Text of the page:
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APRIL 7, 2016 | 6:00 – 8:00pm


Lifetime Achievement Honoree

Dr. Ted Diethrich Arizona Heart Foundation

Az Business magazine is proud to host the 9th Annual Healthcare Leadership Awards on April 7, 2016. We’ll honor the individuals and organizations that have made strides in helping Arizonans receive better healthcare.

Purchase Tickets: or call 602-277-6045 AB | March - April 2016


2016 Finalists: Medical company

One Medical Group


ne Medical Group focuses on building the physicianpatient relationship and improving the average doctor’s office visit. By employing technology upgrades and a mantra of complete and transparent access to doctors, the company intends to remove the bureaucratic hindrances that have hampered the healthcare industry and challenges the notion that delivering high quality, accessible healthcare is either unachievable or prohibitively expensive. For employers, One Medical has become a premium perk – sort of like a gym membership – for employees. The Arizona Diamondbacks signed on as One Medical’s first enterprise customer in Arizona.

The CORE Institute


decade ago, founding physicians Dr. David J. Jacofsky, Dr. John A. Brown and Dr. Mark D. Campbell combined their expertise to offer Valley residents best-in-class orthopedic care. Since then, The CORE Institute has delivered orthopedic care to hundreds of thousands of patients in Arizona and around the world. In 2011, The CORE Institute and Banner Health created the Banner CORE Center for Orthopedics. Since then, Banner CORE Center for Orthopedics has expanded from one Banner facility to five locations, including Banner’s largest facility, Banner Good Samaritan Medical Center.



n 2008, Heidi Jannenga teamed up with her husband, Brad, an experienced software developer, to launch WebPT, a webbased EMR and comprehensive practice management service designed specifically for physical therapists. Their idea grew out of recognizing the need for a more sophisticated industry-specific EMR platform. Within three years, their web-based idea grew into the leading physical therapy software on the market. Since launching WebPT, Heidi has leveraged her access to a rapidly growing audience — more than 50,000 rehab professionals in more than 8,000 clinics — to bring attention to the issues most important to the PT industry.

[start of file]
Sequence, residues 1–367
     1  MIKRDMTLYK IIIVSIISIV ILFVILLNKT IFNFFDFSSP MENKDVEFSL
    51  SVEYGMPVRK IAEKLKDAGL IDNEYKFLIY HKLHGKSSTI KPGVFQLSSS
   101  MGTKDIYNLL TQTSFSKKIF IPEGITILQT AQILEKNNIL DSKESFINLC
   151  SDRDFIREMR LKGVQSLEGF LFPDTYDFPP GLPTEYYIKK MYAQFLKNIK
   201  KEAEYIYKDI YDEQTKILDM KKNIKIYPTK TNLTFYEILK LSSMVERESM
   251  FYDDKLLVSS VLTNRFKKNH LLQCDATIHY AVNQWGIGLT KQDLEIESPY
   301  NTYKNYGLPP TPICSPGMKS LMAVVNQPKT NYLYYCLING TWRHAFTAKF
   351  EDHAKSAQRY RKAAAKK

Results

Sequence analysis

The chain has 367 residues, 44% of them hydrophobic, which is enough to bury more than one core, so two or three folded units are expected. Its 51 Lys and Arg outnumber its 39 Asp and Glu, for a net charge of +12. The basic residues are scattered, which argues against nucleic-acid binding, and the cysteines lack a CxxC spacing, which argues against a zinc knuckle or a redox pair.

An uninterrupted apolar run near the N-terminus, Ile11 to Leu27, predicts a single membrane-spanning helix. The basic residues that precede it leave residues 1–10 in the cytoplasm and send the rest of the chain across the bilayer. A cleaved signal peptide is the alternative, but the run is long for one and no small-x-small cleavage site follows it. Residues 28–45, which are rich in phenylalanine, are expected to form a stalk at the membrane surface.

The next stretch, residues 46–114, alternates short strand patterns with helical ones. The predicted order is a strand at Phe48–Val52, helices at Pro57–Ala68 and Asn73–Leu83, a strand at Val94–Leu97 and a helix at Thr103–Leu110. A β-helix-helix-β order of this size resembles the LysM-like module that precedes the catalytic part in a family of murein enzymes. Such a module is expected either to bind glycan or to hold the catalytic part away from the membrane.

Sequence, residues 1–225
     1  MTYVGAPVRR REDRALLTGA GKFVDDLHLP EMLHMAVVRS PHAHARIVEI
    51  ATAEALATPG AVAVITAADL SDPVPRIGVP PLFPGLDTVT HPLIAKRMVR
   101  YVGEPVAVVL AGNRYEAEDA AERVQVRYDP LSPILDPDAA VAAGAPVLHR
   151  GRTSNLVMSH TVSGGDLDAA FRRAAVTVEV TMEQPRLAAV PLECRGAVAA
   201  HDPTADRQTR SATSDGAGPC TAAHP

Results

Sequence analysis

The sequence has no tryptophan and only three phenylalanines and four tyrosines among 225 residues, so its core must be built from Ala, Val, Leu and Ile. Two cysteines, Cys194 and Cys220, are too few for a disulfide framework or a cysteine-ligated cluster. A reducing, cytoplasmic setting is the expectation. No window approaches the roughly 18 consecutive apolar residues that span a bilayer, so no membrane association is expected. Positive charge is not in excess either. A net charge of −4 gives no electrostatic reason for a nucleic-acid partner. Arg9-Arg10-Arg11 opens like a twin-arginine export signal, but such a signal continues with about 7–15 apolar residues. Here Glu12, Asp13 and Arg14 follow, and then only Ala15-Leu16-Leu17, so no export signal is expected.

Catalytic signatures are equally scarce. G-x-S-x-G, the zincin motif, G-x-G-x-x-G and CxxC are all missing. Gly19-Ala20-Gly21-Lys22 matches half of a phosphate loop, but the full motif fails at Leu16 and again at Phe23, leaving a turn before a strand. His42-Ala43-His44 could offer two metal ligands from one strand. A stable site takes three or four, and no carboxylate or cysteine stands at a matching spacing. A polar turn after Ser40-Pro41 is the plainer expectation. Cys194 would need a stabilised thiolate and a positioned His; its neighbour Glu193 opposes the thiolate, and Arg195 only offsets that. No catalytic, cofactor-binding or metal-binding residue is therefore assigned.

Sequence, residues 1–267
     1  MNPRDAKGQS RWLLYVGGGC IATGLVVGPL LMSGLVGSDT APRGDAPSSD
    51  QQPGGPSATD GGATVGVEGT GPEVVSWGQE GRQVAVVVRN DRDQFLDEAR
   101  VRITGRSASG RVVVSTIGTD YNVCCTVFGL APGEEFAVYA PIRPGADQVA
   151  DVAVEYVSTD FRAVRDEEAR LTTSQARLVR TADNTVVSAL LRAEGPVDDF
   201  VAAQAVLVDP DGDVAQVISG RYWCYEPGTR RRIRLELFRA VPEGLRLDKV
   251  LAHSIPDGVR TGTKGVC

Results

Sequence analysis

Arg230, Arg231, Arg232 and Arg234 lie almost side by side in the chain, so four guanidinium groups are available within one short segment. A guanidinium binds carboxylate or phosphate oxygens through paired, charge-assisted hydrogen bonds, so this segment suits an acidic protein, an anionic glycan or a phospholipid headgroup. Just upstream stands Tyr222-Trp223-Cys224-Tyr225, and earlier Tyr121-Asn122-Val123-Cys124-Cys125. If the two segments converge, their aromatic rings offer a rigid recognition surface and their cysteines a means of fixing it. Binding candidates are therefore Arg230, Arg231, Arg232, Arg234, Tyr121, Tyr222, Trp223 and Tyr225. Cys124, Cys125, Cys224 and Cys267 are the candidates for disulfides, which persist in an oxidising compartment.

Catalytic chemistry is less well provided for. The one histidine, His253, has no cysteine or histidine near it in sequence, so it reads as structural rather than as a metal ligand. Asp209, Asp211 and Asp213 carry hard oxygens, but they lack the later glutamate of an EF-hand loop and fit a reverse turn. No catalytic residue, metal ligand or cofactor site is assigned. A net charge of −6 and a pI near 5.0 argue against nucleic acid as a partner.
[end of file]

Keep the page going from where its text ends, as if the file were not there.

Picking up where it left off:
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2016 Finalists: Physician

Amalia De Comas, MD Orthopedic oncology specialist The CORE Institute


r. De Comas’ commitment to medicine goes beyond the patients she treats. Dr. De Comas is the chief clinical instructor for the Banner Good Samaritan residency program for orthopaedic oncology. Her desire to help residents led her to help obtain a grant for the residents travel to the University of Texas MD Anderson Cancer Center in Houston for a lecture series in musculoskeletal oncology, which De Comas attends yearly as a speaker. She also lectures nationally to discuss surgical implications of radiation for soft tissue sarcomas.

Richard Heuser, MD, FACC, FACP, FESC, FSCAI

Chief of cardiology St. Luke’s Medical Center and Phoenix Heart Center


euser is an internationally recognized cardiologist, inventor, educator and author, and is one of the early pioneers of the angioplasty procedure. A diplomat of the American Board of Cardiovascular Diseases and American Board of Interventional Cardiology, he has more than 30 years of private practice, medical administration and clinical teaching experience. With nearly 30 patents granted or pending for different catheters, stents and other medical devices, Dr. Heuser has served as principal investigator to research the safety and/or effectiveness of more than 100 medical devices and more than 70 pharmaceutical products.

Richard B. Towbin, MD,

FAAP, FACR, FSIR, FSAR Chief of pediatric radiology Phoenix Children’s Hospital


r. Towbin has led many innovative initiatives within the pediatric radiology department at PCH, including Image Gently, a collaborative program with Philips Corporation that maximizes the quality of diagnostic imaging while using the least amount of radiation dosage by tailoring the imaging studies to the patient’s size. This reduced doses by as much as 70 percent for some studies. Recently, he spearheaded a program developing the potential of 3D imaging and printing, which helped PCH become a national leader in this area. AB | March - April 2016